Elevated Colombian street food, prawn ‘noodles’ and more: Best new spring menus

In the same way that fashion junkies anticipate the debut of fashion houses’ seasonal collections, hardcore foodies look forward to chefs’ new spring menus.

In our eternal summer, an allegorical “spring” brings the promise of an exciting new escapade at the table, whether it’s at a restaurant we’re visiting for the first time or one we’re already fond of.

Eating our way through the year, here are some of our favourite new menus thus far. Some chefs are obliging their guests with the flavours they already love and want, dressed up in novel outifits; others have gone out on a limb in the spirit of adventure. All, of course, put their hearts on the plate.

PRELUDIO

Preludio is known for completely overhauling its menu every year for a new “chapter” in its book of “author’s cuisine” – a superlative feat for any kitchen – but this year’s chapter is less cerebral than previous years’. Colombian chef-owner Fernando Arevelo has gone back to his roots for inspiration, serving up his elevated takes on classic Colombian food from street snacks to what his mother would cook for the family.

White corn, N25 caviar, smoked butter, chives (Photo: Preludio)

A blini-like cake of Japanese white corn with smoked butter and chives, served with a dollop of caviar, for example, is a flavourful tribute to the ubiquitous Colombian arepa, a street snack of fried cornmeal dough.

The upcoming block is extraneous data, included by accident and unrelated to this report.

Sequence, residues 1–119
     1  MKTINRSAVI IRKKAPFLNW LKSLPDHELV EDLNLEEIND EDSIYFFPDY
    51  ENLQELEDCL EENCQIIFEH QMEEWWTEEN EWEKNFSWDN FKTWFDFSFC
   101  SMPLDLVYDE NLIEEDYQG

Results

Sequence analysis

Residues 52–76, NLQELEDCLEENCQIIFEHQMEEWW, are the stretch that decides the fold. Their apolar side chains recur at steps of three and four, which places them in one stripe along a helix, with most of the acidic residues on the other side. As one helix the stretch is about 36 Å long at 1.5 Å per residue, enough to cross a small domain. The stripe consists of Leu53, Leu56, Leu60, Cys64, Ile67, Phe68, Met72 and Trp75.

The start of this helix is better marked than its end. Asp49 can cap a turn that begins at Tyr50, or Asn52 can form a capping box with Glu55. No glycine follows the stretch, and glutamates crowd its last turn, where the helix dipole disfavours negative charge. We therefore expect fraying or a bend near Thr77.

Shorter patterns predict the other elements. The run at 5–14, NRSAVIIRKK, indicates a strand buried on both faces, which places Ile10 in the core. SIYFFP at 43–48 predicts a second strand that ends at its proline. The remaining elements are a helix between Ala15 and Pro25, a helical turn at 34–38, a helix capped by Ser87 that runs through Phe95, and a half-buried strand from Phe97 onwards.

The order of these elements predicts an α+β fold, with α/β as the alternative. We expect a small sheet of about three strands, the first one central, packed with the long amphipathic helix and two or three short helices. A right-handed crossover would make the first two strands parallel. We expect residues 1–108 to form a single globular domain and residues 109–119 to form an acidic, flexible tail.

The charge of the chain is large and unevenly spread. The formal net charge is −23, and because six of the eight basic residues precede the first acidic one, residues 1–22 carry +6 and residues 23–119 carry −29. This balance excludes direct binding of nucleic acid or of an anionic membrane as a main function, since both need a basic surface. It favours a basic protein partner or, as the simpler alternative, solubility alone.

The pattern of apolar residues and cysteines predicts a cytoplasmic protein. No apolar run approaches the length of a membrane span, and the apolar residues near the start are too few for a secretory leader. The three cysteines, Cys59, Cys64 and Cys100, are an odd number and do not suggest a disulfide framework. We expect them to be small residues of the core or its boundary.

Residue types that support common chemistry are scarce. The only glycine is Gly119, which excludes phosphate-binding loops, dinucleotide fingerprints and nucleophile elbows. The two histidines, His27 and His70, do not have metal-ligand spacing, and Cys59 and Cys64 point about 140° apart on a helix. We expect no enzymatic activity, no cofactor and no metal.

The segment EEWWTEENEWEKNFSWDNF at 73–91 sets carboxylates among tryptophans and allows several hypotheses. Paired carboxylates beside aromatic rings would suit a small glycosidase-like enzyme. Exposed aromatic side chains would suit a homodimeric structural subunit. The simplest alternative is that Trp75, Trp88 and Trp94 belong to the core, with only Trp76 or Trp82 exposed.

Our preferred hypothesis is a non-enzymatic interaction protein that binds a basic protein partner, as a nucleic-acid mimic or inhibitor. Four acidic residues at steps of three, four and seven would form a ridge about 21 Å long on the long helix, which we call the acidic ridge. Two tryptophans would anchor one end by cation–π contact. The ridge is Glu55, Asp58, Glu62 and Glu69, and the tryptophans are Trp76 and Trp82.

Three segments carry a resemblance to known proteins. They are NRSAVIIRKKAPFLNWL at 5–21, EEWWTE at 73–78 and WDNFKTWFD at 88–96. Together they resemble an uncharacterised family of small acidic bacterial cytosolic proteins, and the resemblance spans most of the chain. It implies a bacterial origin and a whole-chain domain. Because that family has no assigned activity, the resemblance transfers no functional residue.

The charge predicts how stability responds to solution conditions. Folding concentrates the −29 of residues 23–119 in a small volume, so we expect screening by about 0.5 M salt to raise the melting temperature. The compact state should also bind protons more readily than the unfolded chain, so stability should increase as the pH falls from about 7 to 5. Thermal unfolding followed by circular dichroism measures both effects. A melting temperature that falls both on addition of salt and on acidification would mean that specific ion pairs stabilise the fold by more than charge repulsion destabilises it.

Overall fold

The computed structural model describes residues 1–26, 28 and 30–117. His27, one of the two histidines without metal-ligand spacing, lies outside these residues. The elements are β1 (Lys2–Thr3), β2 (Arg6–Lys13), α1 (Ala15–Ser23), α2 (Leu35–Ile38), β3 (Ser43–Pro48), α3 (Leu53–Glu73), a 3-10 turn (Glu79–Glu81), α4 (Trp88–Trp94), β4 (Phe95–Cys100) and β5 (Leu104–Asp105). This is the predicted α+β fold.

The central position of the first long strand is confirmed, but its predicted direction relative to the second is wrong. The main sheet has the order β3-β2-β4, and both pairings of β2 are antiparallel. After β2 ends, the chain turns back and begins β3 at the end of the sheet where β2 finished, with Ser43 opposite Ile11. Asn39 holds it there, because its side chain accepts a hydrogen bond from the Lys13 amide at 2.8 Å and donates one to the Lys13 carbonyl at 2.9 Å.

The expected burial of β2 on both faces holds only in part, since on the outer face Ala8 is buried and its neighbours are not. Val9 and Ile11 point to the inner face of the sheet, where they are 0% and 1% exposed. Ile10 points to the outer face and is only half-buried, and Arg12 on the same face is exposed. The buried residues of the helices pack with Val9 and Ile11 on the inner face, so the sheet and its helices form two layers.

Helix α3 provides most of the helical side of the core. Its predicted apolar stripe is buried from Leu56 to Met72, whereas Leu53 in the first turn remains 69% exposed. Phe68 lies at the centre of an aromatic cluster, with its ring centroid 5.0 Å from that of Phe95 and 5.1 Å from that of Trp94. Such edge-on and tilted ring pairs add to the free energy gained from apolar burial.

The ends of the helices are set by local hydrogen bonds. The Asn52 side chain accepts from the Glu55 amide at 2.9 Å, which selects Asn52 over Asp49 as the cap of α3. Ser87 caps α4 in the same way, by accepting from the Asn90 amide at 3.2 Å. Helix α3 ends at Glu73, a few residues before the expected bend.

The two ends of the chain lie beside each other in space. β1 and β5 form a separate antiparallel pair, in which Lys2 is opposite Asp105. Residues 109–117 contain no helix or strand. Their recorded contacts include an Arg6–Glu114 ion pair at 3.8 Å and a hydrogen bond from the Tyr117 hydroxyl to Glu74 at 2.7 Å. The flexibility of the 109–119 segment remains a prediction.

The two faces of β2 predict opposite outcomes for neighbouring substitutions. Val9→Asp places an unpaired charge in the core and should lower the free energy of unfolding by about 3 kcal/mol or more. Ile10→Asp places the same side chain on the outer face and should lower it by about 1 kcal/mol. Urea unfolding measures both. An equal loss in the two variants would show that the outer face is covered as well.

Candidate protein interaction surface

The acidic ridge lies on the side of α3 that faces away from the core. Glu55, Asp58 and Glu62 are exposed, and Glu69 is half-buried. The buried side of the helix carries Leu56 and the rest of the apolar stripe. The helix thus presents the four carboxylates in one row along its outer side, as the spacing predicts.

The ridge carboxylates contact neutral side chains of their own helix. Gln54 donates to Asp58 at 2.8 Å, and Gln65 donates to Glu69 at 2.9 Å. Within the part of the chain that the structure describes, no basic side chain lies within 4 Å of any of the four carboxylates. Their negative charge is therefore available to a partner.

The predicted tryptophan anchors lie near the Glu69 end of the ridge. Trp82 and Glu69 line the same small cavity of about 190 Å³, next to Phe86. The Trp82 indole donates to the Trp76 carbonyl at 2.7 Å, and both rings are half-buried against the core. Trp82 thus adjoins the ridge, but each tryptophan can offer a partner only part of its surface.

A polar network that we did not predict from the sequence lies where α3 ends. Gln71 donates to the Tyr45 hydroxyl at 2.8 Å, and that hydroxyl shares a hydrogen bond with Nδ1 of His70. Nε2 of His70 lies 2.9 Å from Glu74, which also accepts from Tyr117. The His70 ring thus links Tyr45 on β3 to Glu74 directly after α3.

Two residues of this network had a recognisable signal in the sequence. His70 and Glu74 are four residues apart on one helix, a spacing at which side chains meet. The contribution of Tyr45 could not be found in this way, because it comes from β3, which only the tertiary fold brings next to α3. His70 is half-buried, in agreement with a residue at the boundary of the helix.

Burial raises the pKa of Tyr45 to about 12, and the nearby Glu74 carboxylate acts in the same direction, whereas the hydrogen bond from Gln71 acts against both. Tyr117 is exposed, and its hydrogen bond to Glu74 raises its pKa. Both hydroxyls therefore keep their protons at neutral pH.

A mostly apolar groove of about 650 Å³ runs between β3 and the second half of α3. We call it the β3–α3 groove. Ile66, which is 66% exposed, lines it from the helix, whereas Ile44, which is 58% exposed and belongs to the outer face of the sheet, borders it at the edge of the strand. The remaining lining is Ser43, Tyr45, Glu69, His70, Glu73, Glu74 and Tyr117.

Chicharron or pork crackling is celebrated in a dish of sawara or Japanese Spanish mackerel, given a touch of sweet acidity with blueberry and sprinkled with espelette pepper.

A dish of hokkigai clam gets a twist of chimichurri, the piquant South American sauce of parsley, garlic, oregano and olive oil; and is paired with white asparagus and salty fingers.

Lobster tail, acquerello rice, hearts of palm, coconut, patacones (Photo: Preludio)

And a dish of lobster tail, acquerello rice, hearts of palm, coconut and sweet onion broth is served with patacones, a common Colombian snack of fried plantains.  

Ajiaco (Photo: Preludio)

Our favourite, though, is perhaps the Ajiaco, Arevalo’s interpretation of one of his own best-loved dishes from his home country. Traditionally a hearty chicken and potato stew, this ajiaco features tender Bresse chicken marinated in Japanese corn and butter, with avocado and a savoury three-potato foam perfumed with the herb guascas – deceptively simple and so delicious.

Preludio is at 182 Cecil Street, Frasers Tower #03-01/02. For more information, visit https://preludio.sg.

MARGUERITE

We are convinced that Marguerite’s chef-owner Michael Wilson is some kind of mad genius. The man could put ants on his menu and we would tuck our napkins into our shirts in preparation to eat.

In fact, that’s just what he did – one of the new lunch-only dishes features wood-grilled Domaine Saint Vincent asparagus, wild garlic, kale and black ants for a touch of acidity. Hooray for alternative proteins.

Marguerite is at Gardens by the Bay. (Photo: Marguerite)
Inspired by a garden that’s just starting to bloom, the new spring menus at Marguerite – both “Omnivore” and “Herbivore” versions – showcase Wilson’s tremendous dexterity with flavours, ingredients and textures.  
                                                                                           
Dungeness crab is served as a cliff-hanging two-parter: The first a use-your-hands dish of crab atop a savoury cucumber meringue with pickled shallots; the second, a cucumber sorbet with a lettuce gazpacho made from 10 different vegetables and herbs.
Morel mushroom custard (Photo: Marguerite)

Then there’s an umami-rich morel mushroom egg custard with morel mushroom broth and house-made mushroom garum, topped with asparagus, spring peas, lovage oil, burnt butter and garlic flowers.  

New Caledonian blue prawn tagliolini (Photo: Marguerite)